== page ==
Nightingale’s re-run of Jerome Kern’s ‘Nobody Else But Me’ allowed Panayi to excel on alto followed by a new commission based on Frank Rosolino’s version of ‘Don’t Take Your Love From Me’, with an a cappella trombone chorale for starters, yet more in-and-out complexity from the sax section and Nightingale unleashing his inner-tearaway in blistering fashion. He introduced the much-awaited Dorking commission as ‘Silver Samba’, explaining it as a series of juxtapositions of the notes A and G which handily combine to represent silver in the Periodic Table of Elements. The result was a jubilant and wholly celebratory piece, jaunty and fast-moving with Andy Wood’s fervent trombone and Panayi's flute as the principal solo adornments. Smiles all round.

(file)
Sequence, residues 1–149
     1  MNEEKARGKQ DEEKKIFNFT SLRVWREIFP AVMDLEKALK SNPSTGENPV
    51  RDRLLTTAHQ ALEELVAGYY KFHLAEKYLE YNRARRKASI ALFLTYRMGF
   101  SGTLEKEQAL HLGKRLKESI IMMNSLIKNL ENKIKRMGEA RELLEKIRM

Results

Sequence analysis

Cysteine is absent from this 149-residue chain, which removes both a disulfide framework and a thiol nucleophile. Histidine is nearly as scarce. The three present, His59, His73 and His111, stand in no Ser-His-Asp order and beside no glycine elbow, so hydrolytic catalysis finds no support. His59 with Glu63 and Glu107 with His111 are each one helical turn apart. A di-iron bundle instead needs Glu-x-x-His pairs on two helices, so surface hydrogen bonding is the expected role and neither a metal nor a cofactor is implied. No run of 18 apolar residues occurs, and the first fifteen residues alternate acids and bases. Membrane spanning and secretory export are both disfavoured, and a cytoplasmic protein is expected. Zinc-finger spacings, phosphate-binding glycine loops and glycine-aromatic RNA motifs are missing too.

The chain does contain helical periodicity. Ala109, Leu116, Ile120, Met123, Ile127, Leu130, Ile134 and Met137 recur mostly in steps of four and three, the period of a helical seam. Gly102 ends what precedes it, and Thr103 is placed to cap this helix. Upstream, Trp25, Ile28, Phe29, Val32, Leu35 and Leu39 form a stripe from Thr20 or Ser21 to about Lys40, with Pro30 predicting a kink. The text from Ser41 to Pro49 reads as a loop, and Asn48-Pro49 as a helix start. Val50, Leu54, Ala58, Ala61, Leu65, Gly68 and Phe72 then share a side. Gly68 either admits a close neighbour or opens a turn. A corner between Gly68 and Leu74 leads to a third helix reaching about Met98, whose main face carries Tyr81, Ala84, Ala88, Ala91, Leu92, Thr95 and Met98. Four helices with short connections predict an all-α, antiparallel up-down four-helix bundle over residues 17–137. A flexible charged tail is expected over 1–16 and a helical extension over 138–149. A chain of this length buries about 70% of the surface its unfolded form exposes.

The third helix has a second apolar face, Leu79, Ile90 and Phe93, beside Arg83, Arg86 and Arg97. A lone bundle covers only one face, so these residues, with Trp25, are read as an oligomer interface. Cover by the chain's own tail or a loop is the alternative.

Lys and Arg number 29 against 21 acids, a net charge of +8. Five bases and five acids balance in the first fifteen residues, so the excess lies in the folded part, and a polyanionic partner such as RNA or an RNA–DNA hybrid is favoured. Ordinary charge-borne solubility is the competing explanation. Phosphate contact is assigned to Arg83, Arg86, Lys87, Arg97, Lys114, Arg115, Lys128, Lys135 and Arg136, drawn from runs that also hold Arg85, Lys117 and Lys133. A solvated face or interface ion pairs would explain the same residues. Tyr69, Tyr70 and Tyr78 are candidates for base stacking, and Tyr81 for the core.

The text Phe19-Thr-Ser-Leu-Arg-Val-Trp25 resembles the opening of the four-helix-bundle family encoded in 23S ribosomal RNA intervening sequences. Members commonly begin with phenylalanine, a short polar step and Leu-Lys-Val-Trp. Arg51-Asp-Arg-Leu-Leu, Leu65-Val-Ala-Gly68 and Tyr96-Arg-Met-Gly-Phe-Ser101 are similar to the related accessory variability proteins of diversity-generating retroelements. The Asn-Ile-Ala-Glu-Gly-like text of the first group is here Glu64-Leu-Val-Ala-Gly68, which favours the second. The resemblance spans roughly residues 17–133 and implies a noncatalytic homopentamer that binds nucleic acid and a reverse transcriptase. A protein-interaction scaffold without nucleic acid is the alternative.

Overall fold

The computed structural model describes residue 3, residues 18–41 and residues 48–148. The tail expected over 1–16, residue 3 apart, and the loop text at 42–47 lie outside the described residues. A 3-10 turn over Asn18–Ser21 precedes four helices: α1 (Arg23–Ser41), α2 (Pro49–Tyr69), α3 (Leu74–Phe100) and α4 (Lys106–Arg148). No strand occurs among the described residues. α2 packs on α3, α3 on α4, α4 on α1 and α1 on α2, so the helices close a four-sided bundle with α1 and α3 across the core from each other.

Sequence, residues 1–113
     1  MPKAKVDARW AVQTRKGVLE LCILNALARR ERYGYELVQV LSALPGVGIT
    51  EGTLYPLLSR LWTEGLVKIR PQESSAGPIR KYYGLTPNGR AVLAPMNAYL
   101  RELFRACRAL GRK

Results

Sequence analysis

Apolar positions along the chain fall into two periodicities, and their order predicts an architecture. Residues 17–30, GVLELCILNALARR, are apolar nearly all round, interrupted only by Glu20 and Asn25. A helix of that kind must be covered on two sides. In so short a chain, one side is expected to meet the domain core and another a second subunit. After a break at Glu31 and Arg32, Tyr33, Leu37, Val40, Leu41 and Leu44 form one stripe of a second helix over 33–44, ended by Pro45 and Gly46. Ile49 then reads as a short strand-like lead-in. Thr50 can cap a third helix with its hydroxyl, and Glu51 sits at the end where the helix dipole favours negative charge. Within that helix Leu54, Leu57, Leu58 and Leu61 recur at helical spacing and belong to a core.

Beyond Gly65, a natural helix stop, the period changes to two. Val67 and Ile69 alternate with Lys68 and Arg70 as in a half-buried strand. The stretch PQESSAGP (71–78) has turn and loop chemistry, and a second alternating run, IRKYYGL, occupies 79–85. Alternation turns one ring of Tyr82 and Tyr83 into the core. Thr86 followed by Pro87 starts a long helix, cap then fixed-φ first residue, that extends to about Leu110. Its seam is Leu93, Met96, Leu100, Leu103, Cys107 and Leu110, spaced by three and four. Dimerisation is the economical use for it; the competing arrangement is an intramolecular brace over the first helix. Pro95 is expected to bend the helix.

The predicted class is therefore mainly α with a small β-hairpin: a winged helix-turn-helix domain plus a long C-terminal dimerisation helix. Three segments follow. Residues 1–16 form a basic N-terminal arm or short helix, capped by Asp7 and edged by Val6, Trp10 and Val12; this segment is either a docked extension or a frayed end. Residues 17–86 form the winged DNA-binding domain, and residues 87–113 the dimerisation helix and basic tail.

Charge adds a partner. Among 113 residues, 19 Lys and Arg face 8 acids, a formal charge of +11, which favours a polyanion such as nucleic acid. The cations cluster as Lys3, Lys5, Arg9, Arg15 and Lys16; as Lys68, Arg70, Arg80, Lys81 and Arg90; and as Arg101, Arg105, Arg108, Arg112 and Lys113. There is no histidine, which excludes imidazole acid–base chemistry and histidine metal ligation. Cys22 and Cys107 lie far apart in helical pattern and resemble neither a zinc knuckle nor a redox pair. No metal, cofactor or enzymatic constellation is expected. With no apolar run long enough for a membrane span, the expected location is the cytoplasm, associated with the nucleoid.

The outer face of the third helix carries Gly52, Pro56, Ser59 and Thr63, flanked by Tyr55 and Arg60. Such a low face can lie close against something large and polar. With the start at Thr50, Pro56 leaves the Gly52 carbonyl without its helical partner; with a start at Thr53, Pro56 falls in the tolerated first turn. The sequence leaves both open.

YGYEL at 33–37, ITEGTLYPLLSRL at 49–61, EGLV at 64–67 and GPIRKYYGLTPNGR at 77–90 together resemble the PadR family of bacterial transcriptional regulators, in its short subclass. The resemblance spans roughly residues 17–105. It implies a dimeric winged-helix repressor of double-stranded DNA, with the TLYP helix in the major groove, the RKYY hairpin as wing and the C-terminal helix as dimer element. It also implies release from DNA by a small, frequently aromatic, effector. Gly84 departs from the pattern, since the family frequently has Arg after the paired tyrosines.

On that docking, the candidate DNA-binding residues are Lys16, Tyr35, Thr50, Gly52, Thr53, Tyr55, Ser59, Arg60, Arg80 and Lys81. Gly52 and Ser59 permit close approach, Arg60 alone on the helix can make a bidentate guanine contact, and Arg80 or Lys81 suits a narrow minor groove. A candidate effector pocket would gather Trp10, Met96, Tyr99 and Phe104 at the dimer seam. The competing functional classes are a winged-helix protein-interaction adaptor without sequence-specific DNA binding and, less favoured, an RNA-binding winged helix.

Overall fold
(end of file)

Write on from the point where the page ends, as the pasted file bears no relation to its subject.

Closing with a serene chart on ''Round Midnight, voiced by four clarinets and bass-clarinet and then a two-tier tribute to the late Urbie Green, one part pretty ballad, the other totally ‘raunchy’, Mark’s word for it, and a final surprise with veteran trombonist Cliff Hardie emerging from the audience to vocalise affectingly on Mark’s version of ‘The Summer Wind’. Big day, big band, big outcomes: Watermill overjoyed.

Peter Vacher
– Photo by Brian O'Connor

Over 500 leading musicians from across the jazz, folk and electronic scenes have signed an open letter to The Guardian in protest at recently announced cuts to specialist programming on BBC Radio 3. The changes to the schedule were announced in early March and include the “resting” of Jazz Now (which has been on-air just under three years) and Geoffrey Smith’s Jazz, while the genre-hopping Music Planet moves to a midnight slot. But it is the reduction of vital crossover/experimental show Late Junction, from three nightly slots a week to just one, that’s particularly angered many musicians and music fans.